Archive for Extreme Clusters

MADCOWS and Extreme Galaxy Clusters

Posted in The Universe and Stuff, Uncategorized with tags , , , on November 4, 2015 by telescoper

I thought I’d do a quick post just to have an excuse to post this very pretty picture I found in a press release from  JPL:

extreme cluster

This is a distant galaxy cluster found in the “Massive And Distance Clusters Of Wise Survey“, which is known by its acronym “MADCOWS”. Ho Ho Ho. If the previous link is inaccessible, because you don’t have a subscription, then don’t worry: the paper concerned is available for free on the arXiv. If the previous link isn’t inaccessible, because you do have a subscription, then do worry because you’re wasting your money…

Anyway the abstract of the paper, by Gonzalez et al., reads:

We present confirmation of the cluster MOO J1142+1527, a massive galaxy cluster discovered as part of the Massive and Distant Clusters of WISE Survey. The cluster is confirmed to lie at z = 1.19, and using the Combined Array for Research in Millimeter-wave Astronomy we robustly detect the Sunyaev–Zel’dovich (SZ) decrement at 13.2σ. The SZ data imply a mass of M200m = (1.1 ± 0.2) × 1015M, making MOO J1142+1527 the most massive galaxy cluster known at z > 1.15 and the second most massive cluster known at z > 1. For a standard ΛCDM cosmology it is further expected to be one of the ~5 most massive clusters expected to exist at z ≥ 1.19 over the entire sky. Our ongoing Spitzer program targeting ~1750 additional candidate clusters will identify comparably rich galaxy clusters over the full extragalactic sky.

I added the link to WISE, by the way.

This cluster is obviously an impressive object, and galaxy clusters are always “extreme” in the sense that they are defined to be particularly large concentrations of mass, but this one is actually in line with theoretical expectations for such objects. The following graph shows the spread of extreme cluster masses expected as a function of redshift:

If you mentally plot the mass and redshift of this beastie on the diagram you’ll see that it’s well within the comfort zone. As extreme objects go, this one is quite normal!

Article of the Day!

Posted in The Universe and Stuff with tags , , , , , , on July 31, 2013 by telescoper

Back in the office today, the heatwave having given way to grey drizzle and cool breezes (at least for the time being). I’ve got stacks of paperwork to catch up on, but fortunately I’ve got time to post a quick congratulatory message to Ian Harrison, who is author of today’s NASA ADS Article of the Day! Ian is a PhD student in the School of Physics & Astronomy at Cardiff University and was supervised by me until I abandoned ship to come here to Sussex earlier this year; he’s got a postdoctoral research position lined up in the Midlands (Manchester) when he finishes his thesis. The other author, Shaun Hotchkiss, is coming to Sussex as a postdoctoral researcher in October.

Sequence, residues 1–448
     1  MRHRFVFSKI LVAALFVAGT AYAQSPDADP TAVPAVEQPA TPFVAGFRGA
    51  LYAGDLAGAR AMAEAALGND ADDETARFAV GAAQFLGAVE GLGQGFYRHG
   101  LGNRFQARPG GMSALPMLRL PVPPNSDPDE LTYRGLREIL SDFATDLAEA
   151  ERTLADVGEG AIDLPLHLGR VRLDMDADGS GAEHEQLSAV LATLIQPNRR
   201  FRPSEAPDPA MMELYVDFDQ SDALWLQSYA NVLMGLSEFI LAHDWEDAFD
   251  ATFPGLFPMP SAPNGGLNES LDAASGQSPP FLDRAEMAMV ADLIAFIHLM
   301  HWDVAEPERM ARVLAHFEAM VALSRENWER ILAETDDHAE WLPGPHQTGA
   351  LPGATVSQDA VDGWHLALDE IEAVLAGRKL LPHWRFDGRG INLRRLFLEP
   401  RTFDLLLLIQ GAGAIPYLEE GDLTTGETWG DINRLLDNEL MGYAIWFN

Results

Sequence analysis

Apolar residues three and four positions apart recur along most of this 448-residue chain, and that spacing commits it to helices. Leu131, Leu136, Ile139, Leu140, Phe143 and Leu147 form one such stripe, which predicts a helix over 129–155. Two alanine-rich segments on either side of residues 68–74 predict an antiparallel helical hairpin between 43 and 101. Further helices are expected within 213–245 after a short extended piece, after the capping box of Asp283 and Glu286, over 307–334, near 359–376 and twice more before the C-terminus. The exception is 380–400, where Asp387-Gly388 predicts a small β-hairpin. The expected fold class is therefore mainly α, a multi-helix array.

Anyway, the paper is a nice one, called A consistent approach to falsifying ΛCDM with rare galaxy clusters. Here’s the abstract:

We consider methods with which to answer the question “is any observed galaxy cluster too unusual for ΛCDM?” After emphasising that many previous attempts to answer this question will overestimate the confidence level at which ΛCDM can be ruled out, we outline a consistent approach to these rare clusters, which allows the question to be answered. We define three statistical measures, each of which are sensitive to changes in cluster populations arising from different modifications to the cosmological model. We also use these properties to define the “equivalent mass at redshift zero” for a cluster — the mass of an equally unusual cluster today. This quantity is independent of the observational survey in which the cluster was found, which makes it an ideal proxy for ranking the relative unusualness of clusters detected by different surveys. These methods are then used on a comprehensive sample of observed galaxy clusters and we confirm that all are less than 2σ deviations from the ΛCDM expectation. Whereas we have only applied our method to galaxy clusters, it is applicable to any isolated, collapsed, halo. As motivation for future surveys, we also calculate where in the mass redshift plane the rarest halo is most likely to be found, giving information as to which objects might be the most fruitful in the search for new physics.

In case you’re wondering, the rather Popperian nature of the title is not the reason why I’m not among the authors. I’m just not the sort of supervisor who feels he should always be an author of papers done by his research students even when they had the idea and did all the work themselves. From what I’ve heard talking to others, we’re a dying breed!